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California gets world first 'green' heavy duty truck - the zero emission Tyrano

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October 28, 2009

California Governor Arnold Schwarzenegger introducing the hydrogen-powered Tyrano zero emi...

California Governor Arnold Schwarzenegger introducing the hydrogen-powered Tyrano zero emission semi truck

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California Governor Arnold Schwarzenegger has introduced Vision Industries’ Tyrano semi truck – a hydrogen-powered zero emissions vehicle designed to replace diesel and LNG short haul trucks in California. Vision says the Tyrano is the world’s first “green” heavy duty class 8 truck with zero emissions (zero CO2, zero fossil fuels, zero noise pollution and a zero carbon footprint). What’s more, the company claims the Tyrano is twice as powerful as a conventional diesel-powered vehicle.

Currently, there are more than 100,000 short haul trucks in California and more than 1 million nationwide. While short haul vehicles are vital to the economy they add greatly to urban pollution. Traditionally, short haul trucking is done by vehicles on the later part of their life cycle, meaning less efficient and more polluting trucks. It also takes place predominantly in populated urban areas, affecting the health and quality of life of millions of California residents.

"This truck produces zero greenhouse gas emissions and is proof you can protect the environment and the economy at the same time. This is exactly the kind of technology we need to keep California on a path toward a greener future," said Governor Schwarzenegger.

Secretary for Environmental Protection Linda Adams added: "This product is the direct result and proof of California's Environmental Policies."

Vision CEO Martin Schuermann said: "these trucks are 30-40 percent cheaper to operate than diesel trucks. We expect a strong market demand once these trucks are in the hands of California truckers."

Vision has been helped by availing itself of a share of Government subsidies of $2 billion to replace 16,800 short haul diesel trucks over the next four years in the Ports of Los Angeles and Long Beach.

The 536HP, 80,000lbs (GVW) vehicle is powered by the Tyrano Hydrogen Drive. Onboard is stored 16.5kg or 33kg of gaseous hydrogen which will give the truck a standard range of 200 miles over an eight-hour shift or, with the larger tank, double the mileage.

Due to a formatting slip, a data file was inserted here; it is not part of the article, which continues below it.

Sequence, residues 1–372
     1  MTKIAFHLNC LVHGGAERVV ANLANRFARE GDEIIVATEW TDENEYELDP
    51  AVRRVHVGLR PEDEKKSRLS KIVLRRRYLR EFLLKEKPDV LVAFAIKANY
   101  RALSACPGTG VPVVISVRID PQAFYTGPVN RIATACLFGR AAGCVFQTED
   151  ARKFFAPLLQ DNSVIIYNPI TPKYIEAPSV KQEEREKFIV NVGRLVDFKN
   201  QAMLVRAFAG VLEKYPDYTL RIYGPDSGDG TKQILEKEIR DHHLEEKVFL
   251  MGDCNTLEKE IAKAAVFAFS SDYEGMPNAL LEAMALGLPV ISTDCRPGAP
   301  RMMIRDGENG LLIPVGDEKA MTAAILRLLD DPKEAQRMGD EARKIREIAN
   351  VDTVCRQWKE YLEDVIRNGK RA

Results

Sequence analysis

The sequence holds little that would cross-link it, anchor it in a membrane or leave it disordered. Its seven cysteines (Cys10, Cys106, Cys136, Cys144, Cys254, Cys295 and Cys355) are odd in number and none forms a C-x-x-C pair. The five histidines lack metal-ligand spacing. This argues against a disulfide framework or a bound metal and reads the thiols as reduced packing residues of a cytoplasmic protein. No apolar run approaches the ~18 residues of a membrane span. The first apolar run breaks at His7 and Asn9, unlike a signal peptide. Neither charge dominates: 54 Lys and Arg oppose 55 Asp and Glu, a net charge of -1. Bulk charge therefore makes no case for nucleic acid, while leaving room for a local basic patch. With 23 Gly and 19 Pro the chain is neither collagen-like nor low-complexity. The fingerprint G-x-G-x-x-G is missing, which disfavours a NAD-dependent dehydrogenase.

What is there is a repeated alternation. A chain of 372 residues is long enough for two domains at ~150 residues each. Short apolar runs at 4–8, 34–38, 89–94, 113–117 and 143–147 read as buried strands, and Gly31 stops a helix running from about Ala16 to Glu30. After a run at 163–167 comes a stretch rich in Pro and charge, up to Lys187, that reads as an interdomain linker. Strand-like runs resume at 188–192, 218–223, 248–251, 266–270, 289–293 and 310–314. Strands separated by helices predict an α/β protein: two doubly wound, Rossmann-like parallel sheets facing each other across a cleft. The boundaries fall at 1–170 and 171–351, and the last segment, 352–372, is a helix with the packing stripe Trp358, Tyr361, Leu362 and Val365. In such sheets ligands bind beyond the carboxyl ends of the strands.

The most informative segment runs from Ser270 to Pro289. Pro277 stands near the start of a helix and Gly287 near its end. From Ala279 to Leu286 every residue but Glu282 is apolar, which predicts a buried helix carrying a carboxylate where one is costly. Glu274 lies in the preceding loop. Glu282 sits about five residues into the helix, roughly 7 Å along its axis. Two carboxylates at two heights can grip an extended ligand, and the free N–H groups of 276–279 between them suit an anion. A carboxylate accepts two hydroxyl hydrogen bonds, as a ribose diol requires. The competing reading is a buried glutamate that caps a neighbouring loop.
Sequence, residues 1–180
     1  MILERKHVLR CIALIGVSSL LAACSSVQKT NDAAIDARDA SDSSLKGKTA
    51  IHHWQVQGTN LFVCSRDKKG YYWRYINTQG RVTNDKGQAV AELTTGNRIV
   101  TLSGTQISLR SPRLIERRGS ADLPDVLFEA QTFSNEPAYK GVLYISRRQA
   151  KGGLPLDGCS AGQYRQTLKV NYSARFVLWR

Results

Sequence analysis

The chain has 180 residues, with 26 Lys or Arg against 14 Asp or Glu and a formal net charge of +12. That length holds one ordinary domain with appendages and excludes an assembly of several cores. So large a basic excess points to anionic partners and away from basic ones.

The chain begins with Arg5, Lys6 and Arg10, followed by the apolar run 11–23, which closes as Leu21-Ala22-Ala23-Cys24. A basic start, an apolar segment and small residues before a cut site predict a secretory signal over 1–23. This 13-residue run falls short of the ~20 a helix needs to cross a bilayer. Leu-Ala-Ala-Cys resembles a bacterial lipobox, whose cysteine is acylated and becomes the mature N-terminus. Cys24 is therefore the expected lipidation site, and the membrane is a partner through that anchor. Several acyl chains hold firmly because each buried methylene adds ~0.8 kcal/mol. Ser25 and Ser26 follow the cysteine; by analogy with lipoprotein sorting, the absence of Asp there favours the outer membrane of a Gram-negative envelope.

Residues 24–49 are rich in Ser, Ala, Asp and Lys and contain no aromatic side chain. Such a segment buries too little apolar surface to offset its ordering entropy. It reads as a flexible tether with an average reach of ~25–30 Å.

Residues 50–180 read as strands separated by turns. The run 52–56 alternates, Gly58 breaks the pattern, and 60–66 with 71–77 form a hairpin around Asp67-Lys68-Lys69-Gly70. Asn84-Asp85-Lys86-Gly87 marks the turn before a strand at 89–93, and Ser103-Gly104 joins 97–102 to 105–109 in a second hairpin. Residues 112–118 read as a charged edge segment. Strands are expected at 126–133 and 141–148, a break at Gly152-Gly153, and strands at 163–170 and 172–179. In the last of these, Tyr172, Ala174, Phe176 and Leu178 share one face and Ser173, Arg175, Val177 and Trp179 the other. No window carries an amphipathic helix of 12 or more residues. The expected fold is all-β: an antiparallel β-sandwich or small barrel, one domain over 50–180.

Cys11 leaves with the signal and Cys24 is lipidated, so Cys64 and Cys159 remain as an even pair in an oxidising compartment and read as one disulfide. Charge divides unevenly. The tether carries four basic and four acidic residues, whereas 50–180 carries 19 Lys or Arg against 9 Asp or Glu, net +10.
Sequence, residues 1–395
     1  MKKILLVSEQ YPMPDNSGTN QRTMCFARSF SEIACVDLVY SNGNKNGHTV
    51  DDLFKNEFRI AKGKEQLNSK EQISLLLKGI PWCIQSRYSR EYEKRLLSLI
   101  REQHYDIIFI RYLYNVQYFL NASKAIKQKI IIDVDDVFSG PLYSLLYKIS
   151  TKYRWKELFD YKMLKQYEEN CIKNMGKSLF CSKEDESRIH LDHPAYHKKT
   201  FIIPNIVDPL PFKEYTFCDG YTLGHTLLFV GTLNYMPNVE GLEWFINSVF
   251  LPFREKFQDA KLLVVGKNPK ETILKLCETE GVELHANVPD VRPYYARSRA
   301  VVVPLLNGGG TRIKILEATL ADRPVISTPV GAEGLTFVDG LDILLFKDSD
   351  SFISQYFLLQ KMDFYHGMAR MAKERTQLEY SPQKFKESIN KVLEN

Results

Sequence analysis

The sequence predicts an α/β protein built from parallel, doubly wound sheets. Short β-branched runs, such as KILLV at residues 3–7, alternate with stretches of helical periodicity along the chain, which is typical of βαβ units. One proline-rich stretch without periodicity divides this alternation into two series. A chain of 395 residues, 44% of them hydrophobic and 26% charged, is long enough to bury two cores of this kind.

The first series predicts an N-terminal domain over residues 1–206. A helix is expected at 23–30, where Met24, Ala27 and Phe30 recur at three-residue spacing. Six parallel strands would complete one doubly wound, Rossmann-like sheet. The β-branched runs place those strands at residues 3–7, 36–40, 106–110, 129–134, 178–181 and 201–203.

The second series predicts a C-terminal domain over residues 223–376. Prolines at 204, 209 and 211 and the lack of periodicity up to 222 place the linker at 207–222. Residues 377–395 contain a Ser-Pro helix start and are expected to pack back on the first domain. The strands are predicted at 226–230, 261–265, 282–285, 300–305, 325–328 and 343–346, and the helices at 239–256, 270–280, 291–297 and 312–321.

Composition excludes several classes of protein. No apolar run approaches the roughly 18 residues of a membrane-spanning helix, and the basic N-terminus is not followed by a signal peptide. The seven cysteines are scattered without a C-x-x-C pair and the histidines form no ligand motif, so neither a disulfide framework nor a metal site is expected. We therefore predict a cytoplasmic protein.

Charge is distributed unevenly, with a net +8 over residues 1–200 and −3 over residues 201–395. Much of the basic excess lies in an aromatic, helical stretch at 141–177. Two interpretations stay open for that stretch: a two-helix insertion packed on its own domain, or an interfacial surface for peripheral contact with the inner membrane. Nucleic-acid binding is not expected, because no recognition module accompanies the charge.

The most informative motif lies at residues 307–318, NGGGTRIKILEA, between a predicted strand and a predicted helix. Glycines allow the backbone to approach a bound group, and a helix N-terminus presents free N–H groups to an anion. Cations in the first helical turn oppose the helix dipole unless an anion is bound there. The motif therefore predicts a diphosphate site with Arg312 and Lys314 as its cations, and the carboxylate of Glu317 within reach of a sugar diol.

The Tyrano is planned to enter production in early 2010.

So where do you fill up? At present there are only 40-odd hydrogen refueling stations in California, but many more are in the planning stages and under construction.

6 Comments

Its disappointing to see Gizmag perpetuating the myth that hydrogen is a green fuel. Hydrogen is extracted from natural gas and the C02 footprint of hydrogen vehicles is horrific. It would be much more efficient to burn the gas in a hybrid vehicle.

Facebook User
29th October, 2009 @ 03:27 am PDT

With a bigger tank , only range can be doubled and not the mileage.

Ravikiran Ananda
29th October, 2009 @ 05:11 am PDT

it is great to see one of the biggest worldwide polluters doing really positive stuff to reduce pollution,,,,,,,,,,,,,congratulations !

robinyatesuk2003
29th October, 2009 @ 06:22 am PDT

So many lies!! They are not Zero emissions nor low cost. LPG or LNG is far better. Nor are older longer distance trucks used as short hual as they are 2 different kinds is trucks.

Even if the truck itself produces no emissions, making the H2 certainly does. H2 loses 50% of it's original fuel it came from while being made. So actually makes 2x's as much emissions than an LPG Ng would!!

Even if the H2 is made from RE, it just means 2x's as much fossil electric had to be made to replace it.

If EV drive was used with batteries, it would go 4x's as far on the same base energy making H2 25% as eff if that.

Cal on most RE, transport does well but not in this case, it's a loser.

Why does it always take 2 tries to post on this blog?

jerryd
29th October, 2009 @ 06:36 am PDT

Ahem, but you have to burn natural gas to compress hydrogen. Why not just use an hydraulic-diesel hybrid (http://economicefficiency.blogspot.com/2008/12/big-green-trucks.html) or a flywheel-diesel hybrid (http://economicefficiency.blogspot.com/2009/10/more-efficient-hybrid.html). Both are lower acquistion cost and lower TCO, and don't require the intermediate step of compressing the hydrogen? Until the technology improves, using the lower-cost, diesel hybrids makes more sense.

gormanwvzb
29th October, 2009 @ 07:10 am PDT

does this have a Internal Combustion engine or a Fuel cell??

lane
29th October, 2009 @ 10:01 am PDT
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